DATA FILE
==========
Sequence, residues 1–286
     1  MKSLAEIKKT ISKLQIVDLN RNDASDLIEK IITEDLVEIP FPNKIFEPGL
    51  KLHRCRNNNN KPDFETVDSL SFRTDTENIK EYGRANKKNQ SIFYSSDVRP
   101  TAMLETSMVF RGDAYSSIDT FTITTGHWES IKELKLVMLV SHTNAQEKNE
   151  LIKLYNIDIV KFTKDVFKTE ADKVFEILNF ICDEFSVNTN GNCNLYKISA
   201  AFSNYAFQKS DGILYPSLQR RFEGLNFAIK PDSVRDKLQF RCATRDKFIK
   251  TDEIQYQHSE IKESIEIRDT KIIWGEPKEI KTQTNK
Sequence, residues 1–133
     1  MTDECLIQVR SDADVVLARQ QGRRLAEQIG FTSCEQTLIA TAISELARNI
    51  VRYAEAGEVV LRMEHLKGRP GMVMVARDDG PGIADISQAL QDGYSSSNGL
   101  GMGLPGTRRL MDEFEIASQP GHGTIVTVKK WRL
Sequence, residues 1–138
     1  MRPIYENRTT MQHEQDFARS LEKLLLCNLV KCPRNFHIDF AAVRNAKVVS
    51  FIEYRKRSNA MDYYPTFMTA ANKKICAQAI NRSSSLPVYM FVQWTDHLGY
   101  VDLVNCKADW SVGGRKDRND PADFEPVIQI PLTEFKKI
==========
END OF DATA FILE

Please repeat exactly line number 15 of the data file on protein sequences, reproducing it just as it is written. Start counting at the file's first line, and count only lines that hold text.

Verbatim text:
   101  VDLVNCKADW SVGGRKDRND PADFEPVIQI PLTEFKKI